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How to avert calamitous vandalism to British science?

What can I and others do to help avert the calamitous vandalism about to be visited upon British science? I refer to the huge cuts and cancellations for ‘low-priority’ endeavours such as Jodrell Bank, solar observatories, aurora work and other huge swathes of [science].
Paul White from Shropshire (Age 45-54)

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2 Responses

  1. This is a really difficult one – but a question close to my heart. I think at the core there is one big problem – with multiple facets.
    The vast majority of policy makers have backgrounds in the law or the arts. Similarly, the media is dominated by arts graduates. This has lead to a huge schism between scientists and the public – which event such as National Science and Engineering Week are nobly trying to narrow.
    In the UK media ‘culture’ is now synonymous with ‘art’. How many science ‘spots’ have there been on ‘The Culture Show’ ? Science programs on television have undergone a systematic ‘dunning’ down – just look at what has happened to programs such as ‘Horizon’. Most certainly there is a need for this type of program – but this should be alongside, and not replacing, programs with higher scientific content. We have many superb programs discussing art and history – why not science? Parenthetically, I should acknowledge the fantastic programs on the natural world (biology, geology etc.) – visually arresting, utterly absorbing, fantastic TV – but this only represents a minute fraction of ‘science’.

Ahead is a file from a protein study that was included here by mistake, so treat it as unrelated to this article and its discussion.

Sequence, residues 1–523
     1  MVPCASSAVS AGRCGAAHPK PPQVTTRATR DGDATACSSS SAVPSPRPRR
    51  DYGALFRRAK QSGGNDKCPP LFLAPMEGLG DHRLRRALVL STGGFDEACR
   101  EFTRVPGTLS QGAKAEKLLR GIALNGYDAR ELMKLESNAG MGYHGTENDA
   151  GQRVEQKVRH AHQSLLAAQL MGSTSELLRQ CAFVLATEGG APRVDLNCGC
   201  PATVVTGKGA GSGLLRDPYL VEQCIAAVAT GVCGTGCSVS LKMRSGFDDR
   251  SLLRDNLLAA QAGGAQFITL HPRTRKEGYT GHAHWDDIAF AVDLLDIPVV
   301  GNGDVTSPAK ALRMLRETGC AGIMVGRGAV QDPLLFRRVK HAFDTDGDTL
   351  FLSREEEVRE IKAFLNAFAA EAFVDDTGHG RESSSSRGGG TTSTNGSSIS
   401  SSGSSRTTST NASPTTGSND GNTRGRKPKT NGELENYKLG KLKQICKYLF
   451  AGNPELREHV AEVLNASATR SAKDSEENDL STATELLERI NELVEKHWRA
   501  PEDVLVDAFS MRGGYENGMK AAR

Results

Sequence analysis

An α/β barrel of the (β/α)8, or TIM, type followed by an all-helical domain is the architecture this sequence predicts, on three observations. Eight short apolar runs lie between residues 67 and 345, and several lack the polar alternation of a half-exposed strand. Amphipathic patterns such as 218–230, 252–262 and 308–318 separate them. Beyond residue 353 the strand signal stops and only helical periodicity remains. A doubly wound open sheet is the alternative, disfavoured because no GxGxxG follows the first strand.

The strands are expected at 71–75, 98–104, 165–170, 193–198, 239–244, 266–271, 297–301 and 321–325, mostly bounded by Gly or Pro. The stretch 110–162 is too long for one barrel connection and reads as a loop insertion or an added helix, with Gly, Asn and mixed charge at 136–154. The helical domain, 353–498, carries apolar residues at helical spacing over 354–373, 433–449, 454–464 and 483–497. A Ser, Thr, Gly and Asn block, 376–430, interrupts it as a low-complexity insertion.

It is noteworthy that in many dramas (and in some reportage) science is portrayed as sinister – motivated by profit to develop yet more barriers between ourselves and a highly romantic – and utterly unrealistic – notion of a more ‘natural’ existence, one in harmony with nature. Like the plague, for example. Or cancer.
    I suspect that other factors are also in play. Firstly, one of the classic raison d’etres for science was to underpin industrial development. Much of our GDP now comes, however, from the financial sector and not manufacturing industry. Secondly, the tax regime in the UK does not actively encourage investment in high-tech SMEs. The time-frame in which venture capitalists expect a return from capital, combined with the higher risk, means the UK lags behind competitors in the creation of ‘spin-out’ companies from universities. A number of promising high-tech companies have gone into liquidation because of under-capitalisation. Lastly, it simply costs a lot more to do science than it does art . To give the government it’s due, a lot of extra money has been put into science. The scientific community needs to ask itself some hard questions as to how this money has been spent.
    I do not subscribe to the notion that scientists are unwilling or unable to talk about their work – just try shutting some of them up, but it does need collaborations linking the arts and the media with science to start to get these concepts into the public domain in a comprehensible manner. The Wellcome Trust, for example, have some exciting initiatives in this area.

    To actually answer your question, I think that there are a number of possibilities;

    (i) somehow join one of these famous focus groups
    (ii) start an e-petition on the No. 10 website
    (iii) write to your MP or the new parliamentary Innovation, Universities, Science and Skills Committee,
    (iii) just give up: learn to live with the puerile, the banal, the cynical (and reality-TV).

  2. Hi Martin :).
    Thankyou. A superb response to this fundemental question. It highlights a developing deterioration in attitude which must be turned around if the long term health and welfare of our civilisation is to be ensured. Your thorough evaluation and analysis is both interesting and informative. Well Done Indeed !
    Good Luck,
    Rockno3.

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